What You Should Eat on Valentine’s Day

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Most holidays are associated with traditional foods and Valentine’s Day is no exception. While images of chocolate hearts come to mind, there are in fact many traditional foods used to celebrate the holiday of love. History books, dating as far back as the Roman Empire, are scattered with claims of certain foods capable of stimulating feelings of love and romance. Check out a few of these Valentine foodie traditions below; chocoholics take note, your favorite sweet treat still made the list!

Strawberries– Probably a close runner up to chocolate, strawberries are one of the moreStrawberry quarts modern foods associated with this special day. Not only are they red and heart-shaped, but they are the symbol of Venus, the Roman goddess of love.

Oysters– This fascinating sea creature is a common delicacy and often referred to as an aphrodisiac. Consumed for centuries, oysters have the rare ability to change their sex from male to female and back again. Legend has it, when one eats an oyster they are able to experience the masculine and feminine sides of love.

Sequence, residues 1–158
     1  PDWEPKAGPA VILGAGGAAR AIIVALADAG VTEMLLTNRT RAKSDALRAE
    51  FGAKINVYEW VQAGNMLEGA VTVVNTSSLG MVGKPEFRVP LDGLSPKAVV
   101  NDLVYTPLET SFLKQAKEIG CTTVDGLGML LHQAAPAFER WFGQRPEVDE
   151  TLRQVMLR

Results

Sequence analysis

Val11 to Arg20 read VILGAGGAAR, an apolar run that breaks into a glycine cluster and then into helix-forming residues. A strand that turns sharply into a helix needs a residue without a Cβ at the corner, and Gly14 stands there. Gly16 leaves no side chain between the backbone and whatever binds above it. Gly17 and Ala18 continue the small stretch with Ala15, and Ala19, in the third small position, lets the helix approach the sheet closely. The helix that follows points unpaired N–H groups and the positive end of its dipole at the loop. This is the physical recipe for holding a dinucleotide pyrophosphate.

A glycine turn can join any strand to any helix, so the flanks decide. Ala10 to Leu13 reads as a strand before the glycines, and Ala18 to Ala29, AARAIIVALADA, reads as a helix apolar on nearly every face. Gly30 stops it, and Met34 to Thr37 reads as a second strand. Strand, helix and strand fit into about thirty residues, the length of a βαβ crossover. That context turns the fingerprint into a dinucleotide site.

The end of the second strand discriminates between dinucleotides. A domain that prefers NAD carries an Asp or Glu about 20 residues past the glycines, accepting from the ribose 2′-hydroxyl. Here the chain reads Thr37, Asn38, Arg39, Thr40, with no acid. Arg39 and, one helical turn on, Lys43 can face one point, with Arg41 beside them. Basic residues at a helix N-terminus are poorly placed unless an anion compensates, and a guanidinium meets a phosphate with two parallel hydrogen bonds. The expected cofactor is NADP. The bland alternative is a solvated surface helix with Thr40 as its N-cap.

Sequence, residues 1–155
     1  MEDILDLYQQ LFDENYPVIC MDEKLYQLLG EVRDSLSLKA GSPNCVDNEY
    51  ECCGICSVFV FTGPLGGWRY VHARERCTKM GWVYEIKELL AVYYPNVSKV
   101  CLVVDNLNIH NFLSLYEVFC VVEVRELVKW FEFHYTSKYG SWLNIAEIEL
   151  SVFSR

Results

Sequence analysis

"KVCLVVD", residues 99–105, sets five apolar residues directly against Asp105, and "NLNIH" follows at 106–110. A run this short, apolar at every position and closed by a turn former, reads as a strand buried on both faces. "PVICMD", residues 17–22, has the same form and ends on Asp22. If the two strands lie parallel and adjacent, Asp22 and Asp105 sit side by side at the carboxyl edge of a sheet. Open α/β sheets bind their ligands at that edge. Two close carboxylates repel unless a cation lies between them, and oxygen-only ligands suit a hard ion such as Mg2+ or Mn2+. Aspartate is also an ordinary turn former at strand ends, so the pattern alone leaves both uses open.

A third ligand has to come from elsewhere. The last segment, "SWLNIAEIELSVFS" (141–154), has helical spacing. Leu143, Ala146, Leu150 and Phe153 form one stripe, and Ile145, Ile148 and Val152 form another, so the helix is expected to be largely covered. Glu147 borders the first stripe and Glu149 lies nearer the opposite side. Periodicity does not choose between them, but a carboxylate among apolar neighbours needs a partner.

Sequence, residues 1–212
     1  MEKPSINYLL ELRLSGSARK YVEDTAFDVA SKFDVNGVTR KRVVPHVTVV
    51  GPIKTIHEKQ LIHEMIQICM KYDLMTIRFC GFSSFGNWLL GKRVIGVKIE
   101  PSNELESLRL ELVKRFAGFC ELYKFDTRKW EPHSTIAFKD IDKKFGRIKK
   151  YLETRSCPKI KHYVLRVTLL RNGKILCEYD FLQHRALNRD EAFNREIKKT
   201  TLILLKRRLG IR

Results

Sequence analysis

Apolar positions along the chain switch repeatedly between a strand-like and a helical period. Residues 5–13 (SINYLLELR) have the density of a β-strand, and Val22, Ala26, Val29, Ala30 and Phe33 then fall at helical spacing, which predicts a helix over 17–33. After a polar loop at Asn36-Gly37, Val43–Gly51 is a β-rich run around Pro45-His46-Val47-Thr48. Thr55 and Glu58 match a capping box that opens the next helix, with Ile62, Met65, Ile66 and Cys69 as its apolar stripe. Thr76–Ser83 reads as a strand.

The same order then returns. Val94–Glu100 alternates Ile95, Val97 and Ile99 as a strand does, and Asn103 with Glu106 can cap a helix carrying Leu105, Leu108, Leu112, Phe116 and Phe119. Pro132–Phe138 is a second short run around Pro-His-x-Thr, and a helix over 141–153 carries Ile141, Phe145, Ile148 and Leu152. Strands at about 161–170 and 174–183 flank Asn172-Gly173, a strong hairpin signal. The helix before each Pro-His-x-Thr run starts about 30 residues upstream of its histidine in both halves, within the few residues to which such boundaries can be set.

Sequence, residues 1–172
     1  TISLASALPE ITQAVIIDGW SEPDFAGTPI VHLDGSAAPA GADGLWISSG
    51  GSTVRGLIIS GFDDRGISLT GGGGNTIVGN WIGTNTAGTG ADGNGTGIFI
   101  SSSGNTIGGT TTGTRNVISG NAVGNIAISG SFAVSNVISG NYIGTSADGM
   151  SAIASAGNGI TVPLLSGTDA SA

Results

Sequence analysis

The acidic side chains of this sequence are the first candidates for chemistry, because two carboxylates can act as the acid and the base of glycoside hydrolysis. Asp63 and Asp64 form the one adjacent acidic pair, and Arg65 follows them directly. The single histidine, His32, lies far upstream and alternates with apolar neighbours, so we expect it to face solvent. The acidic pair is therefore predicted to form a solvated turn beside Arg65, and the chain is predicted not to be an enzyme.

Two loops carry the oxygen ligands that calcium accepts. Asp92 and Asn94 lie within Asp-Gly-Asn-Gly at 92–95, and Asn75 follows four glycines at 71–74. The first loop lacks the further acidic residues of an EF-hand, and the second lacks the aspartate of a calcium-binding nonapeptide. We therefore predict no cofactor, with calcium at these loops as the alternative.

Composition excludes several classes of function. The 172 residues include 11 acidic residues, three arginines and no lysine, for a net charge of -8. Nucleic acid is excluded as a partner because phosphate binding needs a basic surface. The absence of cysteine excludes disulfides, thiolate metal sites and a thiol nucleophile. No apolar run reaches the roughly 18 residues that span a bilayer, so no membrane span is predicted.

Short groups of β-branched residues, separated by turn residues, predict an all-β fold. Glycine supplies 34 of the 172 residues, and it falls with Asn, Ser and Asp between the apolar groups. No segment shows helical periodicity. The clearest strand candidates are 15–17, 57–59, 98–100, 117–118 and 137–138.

Caviar– While adding this to your Valentines Day menu may put a dent in your wallet, caviar has long since been a romantic food known to have been eaten often by Casanova himself. These fancy fish eggs nourish and strengthen nerve cells, stimulating feelings of romance.

asparagus bunchAsparagus – In 19th   century France, three courses of asparagus were served to men before and after their wedding. The theory was high consumption of this veggie would make them more attractive to their new spouse. Today, asparagus is often the chosen vegetable for special Valentine’s Day menus.

Chocolate– Popularized during the Victorian era, chocolate was often exchanged as a romantic gift. In the mid-1800s a chocolatier began putting his chocolates in a heart-shaped box and the association between chocolate and Valentines Day was born.

Ashley Russo is a first year graduate student at Syracuse University working on a master’s degree in nutrition science and dietetics. She plans to become a registered dietitian specializing in oncology nutrition.

Photo Credit: Stephanie Goodman, FBM

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